Talking to a strange girl is scary. Will she respond? Does she already have a boyfriend? Will she be completely repulsed by my face? If I consider the possible negative outcomes, there's almost no reason to speak with a member of the opposite sex. But I do it anyway, not because I know I'll succeed, but because I'll know I tried.
I saw a band called The Datsuns in Barcelona recently. I went by myself. On the way to the show, I noticed a feeling very like the one that immediately precedes the approach of an unknown girl. I was nervous, but for no logical reason. Similar to the cold approach of a woman, I didn't have much to lose. In the worst case, I could turn around at the door and go home. Thankfully, I didn't.
Typical to the European experience, seeing The Datsuns was harder than it should have been. I found out about the show a few days prior and -- thinking I would utilize this newfangled Internet phenomenon -- tried to buy a ticket online. I was stymied when the Webpage asked for a DNI (Spanish ID number). Ostensibly, this was to prevent fraud, although I'm not clear on what type. If I worked for the venue or for the band, I think I would be happy to sell a few extra tickets, regardless of what happened to them. Then again, I'm American and I tend to embrace the concept of driving revenue with a business or service.
I didn't already have tickets, so I left early for the show. I navigated the Barcelona metro with ease born of familiarity, and found myself in an industrial part of the city where the concert hall -- Razzmatazz -- was supposed to be. I shook off doubts engendered by the decidedly non-rock 'n' roll neighborhood and hiked a few blocks before finding the place just as boarded up as I had suspected it would be. The place looked completely deserted. I was ready to mark the night as a failed attempt at calendar reading if not for two young Barcelonans clad in all black. They looked like concertgoers, at least, but they didn't look like they were planning to see the same band I was. I didn't know much (anything) about The Datsuns prior to my trip to see them, but I was sure they didn't specialize in death metal, which, by their appearance, was what the two youths staring at the Razzmatazz entrance looked ready to watch.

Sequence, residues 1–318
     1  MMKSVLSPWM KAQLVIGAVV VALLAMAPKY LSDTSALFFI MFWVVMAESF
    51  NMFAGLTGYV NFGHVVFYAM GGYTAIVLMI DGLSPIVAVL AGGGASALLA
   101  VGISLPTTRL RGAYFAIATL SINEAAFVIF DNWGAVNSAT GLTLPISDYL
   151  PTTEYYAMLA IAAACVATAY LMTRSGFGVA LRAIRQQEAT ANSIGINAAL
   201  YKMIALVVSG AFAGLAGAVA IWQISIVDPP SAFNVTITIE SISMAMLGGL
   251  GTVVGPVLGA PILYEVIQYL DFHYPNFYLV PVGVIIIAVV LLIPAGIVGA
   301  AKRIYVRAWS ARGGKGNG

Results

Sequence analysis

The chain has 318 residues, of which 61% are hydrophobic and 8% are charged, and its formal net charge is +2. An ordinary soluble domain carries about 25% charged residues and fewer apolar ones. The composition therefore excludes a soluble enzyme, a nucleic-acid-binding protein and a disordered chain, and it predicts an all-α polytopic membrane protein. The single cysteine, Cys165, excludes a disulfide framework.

So I did what I always do in intimidating situations, whether they involve musicians or beautiful girls. I stalled. I went across the street to a bar named Pepe's or Paco's, which was comfortingly filled with all manner of rock paraphernalia. The bartender was appropriately standoffish, and the patrons were appropriately ambivalent about my presence. Their behavior made me optimistic that some kind of concert was about to happen across the street.
After a Budweiser (because Estrella tastes like wolverine pee), my courage was appropriately gathered, and I walked back across the street. This time, I spied humanity at the top of a set of steep outdoor stairs and made my way up. I was greeted by two security guards, which was excessive because I had seen something like three potential audience members meandering about. When the unnecessary muscle opened the door for me, I found myself at a makeshift ticket booth. It was dark and deserted and I nearly gave up hope that any band not from the immediate neighborhood would be playing. I asked the man behind the counter if there was a concert tonight. He brightened and said yes.
I asked, haltingly, if it involved a band called The Datsuns. His face shone even more. Yes, he said, but don't miss the opener. They're very good too. I told him I wouldn't, paid for a ticket and walked back to the street to seek nourishment.